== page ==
There are some people who vehemently oppose variable annuities, often without knowing the details of these products. In Tom Hegna’s Producers eSource article, “The 3 Primary Variable Annuity Objections and How to Handle Them,” the author lists the three reasons that most people dislike variable annuities. While these reasons may make a variable annuity the wrong product for some people, they are not accurate arguments against them for many others. Misinformation sometimes leads consumers on a road away from variable annuities when they might be the right product for them. People in their late 50’s who don’t have a pension and people with high income who have contributed all they can to their 401k plan are just two groups who should consider variable annuities.
Yes, variable annuities have fees. Yes, they are higher than some other products. But the fees are fair given all of the benefits that variable annuities offer you financially. The fees for variable annuities are directly related to the guarantees that they offer. Some have a Guaranteed Minimum Accumulation Benefit (GMAB), while others have a Guaranteed Lifetime Withdrawal Benefit (GLWB). These benefits are not available with any other products, especially not those with lower fees. You are paying for the assurance that your account will not lose value and will increase in value depending on market performance. Annuities offer better returns than many products, especially CD’s offering less than 1% returns currently. The best way to minimize your fees with variable annuities, or any annuities for that matter, is to only pay for the risk protection that is important to you. Don’t add on protection that isn’t necessary and pay added fees.
The second argument that some people have against variable annuities is that they are taxed at the income tax rate rather than the capital gains tax rate, which is lower. One thing to remember is that not all of your annuity payments are taxable, only the portion that is not a return of your capital. Capital gains tax breaks are only given when stocks or mutual funds are held longer than a year. This is quite often not the case, especially for day traders. Many mutual funds have high turnover rates as well. Even though on paper this tax difference seems like an issue, when you see the details it might not make any difference at all.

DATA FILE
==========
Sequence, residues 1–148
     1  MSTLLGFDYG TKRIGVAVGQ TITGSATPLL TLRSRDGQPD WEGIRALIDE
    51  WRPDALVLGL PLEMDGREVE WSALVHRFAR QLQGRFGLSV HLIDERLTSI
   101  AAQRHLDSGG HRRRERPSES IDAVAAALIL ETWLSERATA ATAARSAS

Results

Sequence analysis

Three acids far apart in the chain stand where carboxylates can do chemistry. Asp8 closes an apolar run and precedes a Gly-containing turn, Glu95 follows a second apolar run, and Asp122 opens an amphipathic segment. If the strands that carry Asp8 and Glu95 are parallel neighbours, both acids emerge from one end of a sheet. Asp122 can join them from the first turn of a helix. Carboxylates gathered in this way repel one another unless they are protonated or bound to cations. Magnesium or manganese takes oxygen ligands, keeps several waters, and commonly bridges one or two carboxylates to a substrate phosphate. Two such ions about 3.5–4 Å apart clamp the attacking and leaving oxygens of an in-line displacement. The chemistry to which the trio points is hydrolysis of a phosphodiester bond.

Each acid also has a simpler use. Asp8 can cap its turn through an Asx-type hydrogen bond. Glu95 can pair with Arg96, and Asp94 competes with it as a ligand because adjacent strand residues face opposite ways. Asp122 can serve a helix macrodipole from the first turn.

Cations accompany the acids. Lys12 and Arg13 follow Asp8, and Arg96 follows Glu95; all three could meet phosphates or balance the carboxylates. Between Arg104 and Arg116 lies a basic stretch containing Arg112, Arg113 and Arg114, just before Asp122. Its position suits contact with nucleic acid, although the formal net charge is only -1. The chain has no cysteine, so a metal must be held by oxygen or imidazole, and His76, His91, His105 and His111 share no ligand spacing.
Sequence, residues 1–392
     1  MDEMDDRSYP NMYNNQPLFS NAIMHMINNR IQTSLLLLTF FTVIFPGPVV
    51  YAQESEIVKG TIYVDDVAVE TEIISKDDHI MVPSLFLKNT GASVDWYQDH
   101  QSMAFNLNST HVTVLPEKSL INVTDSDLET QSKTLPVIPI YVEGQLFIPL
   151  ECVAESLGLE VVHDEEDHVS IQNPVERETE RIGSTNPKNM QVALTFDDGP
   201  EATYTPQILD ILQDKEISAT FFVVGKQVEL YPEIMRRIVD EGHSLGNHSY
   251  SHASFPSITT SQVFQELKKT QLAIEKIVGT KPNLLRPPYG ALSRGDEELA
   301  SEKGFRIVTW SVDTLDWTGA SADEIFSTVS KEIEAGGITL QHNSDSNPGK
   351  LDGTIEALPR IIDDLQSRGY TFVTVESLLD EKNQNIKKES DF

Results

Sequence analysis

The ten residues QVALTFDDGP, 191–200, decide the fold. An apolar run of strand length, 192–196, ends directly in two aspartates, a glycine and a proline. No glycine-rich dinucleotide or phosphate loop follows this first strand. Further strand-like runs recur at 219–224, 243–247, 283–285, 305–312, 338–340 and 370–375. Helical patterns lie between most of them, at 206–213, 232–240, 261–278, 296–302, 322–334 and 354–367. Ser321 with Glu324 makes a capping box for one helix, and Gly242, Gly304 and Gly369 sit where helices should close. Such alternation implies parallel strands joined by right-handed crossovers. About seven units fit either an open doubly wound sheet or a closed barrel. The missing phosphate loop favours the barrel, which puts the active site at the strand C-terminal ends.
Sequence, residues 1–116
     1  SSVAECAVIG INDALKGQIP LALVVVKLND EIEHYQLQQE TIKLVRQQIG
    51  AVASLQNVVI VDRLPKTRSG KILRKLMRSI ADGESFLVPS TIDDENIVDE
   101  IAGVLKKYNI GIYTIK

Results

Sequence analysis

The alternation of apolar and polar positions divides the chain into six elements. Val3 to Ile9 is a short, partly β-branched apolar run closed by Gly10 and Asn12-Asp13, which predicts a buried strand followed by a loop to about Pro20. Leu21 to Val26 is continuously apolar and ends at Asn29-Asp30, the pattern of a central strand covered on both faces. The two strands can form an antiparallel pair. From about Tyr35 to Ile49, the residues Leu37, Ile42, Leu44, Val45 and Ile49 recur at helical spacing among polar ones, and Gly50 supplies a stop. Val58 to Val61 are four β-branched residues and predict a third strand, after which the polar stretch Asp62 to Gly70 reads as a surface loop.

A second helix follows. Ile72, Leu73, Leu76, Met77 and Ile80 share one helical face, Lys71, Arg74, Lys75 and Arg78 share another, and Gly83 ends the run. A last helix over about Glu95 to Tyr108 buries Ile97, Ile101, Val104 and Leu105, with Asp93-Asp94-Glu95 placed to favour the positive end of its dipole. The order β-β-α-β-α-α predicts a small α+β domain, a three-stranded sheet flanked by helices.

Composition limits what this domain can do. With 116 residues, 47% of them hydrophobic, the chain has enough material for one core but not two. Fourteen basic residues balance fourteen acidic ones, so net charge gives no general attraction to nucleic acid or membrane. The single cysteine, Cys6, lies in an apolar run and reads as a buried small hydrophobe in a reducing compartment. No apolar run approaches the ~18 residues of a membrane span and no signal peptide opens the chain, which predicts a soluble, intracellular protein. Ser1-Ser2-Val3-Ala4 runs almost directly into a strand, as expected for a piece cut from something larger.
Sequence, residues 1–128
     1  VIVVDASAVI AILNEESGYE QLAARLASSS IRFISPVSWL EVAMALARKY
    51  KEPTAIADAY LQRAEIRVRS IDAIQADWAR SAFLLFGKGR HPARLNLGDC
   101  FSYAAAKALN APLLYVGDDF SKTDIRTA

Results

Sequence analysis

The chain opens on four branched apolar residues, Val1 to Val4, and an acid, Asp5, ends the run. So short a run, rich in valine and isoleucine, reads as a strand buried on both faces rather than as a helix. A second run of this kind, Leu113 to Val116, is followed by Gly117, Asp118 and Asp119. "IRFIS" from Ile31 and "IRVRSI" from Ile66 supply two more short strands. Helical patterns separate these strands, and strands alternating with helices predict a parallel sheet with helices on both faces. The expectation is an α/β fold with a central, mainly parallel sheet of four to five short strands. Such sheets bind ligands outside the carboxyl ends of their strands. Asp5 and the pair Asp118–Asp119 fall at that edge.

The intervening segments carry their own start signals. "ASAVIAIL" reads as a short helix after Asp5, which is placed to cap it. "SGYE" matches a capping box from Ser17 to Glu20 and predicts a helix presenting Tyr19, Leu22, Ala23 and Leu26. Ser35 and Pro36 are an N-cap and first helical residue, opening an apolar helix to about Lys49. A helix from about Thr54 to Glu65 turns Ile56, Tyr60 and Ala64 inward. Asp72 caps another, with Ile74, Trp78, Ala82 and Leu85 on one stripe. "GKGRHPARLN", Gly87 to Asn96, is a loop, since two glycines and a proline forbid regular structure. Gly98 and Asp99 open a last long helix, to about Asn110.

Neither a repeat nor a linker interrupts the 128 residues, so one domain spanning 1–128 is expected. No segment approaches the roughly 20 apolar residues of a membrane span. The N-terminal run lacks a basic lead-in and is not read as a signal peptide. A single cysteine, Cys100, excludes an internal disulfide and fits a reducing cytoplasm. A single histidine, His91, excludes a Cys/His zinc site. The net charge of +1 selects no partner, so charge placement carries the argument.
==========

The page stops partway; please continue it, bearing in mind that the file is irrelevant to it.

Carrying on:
Finally, annuities are not given a stepped-up cost basis at death. Stocks and mutual funds do offer this, but some stipulations are overlooked. With mutual funds, investors pay taxes each year on fund distributions, even if your mutual fund loses value. You often pay for a lot of the stepped-up cost basis through your own taxes anyways. Annuities don’t get the stepped-up cost basis, but they also don’t get the stepped-down cost basis at death either. Annuities that have guaranteed death benefits protect one’s heirs from losing money when the annuity holder dies. This benefit overrides the other when you take into consideration all of the investments that lost money over the past five to ten years. Variable annuities are definitely the right product for some people approaching retirement. Take all of the pluses and minuses into account to see if the peace of mind you will get from their guaranteed income and investment will make an annuity right for you.
Written by Rachel Summit